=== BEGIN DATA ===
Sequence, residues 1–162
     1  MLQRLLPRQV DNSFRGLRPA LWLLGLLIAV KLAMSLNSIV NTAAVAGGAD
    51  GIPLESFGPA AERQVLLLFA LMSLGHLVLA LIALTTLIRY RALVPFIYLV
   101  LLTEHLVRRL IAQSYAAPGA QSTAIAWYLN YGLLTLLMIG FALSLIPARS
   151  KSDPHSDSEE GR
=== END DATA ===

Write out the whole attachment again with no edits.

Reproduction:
Sequence, residues 1–162
     1  MLQRLLPRQV DNSFRGLRPA LWLLGLLIAV KLAMSLNSIV NTAAVAGGAD
    51  GIPLESFGPA AERQVLLLFA LMSLGHLVLA LIALTTLIRY RALVPFIYLV
   101  LLTEHLVRRL IAQSYAAPGA QSTAIAWYLN YGLLTLLMIG FALSLIPARS
   151  KSDPHSDSEE GR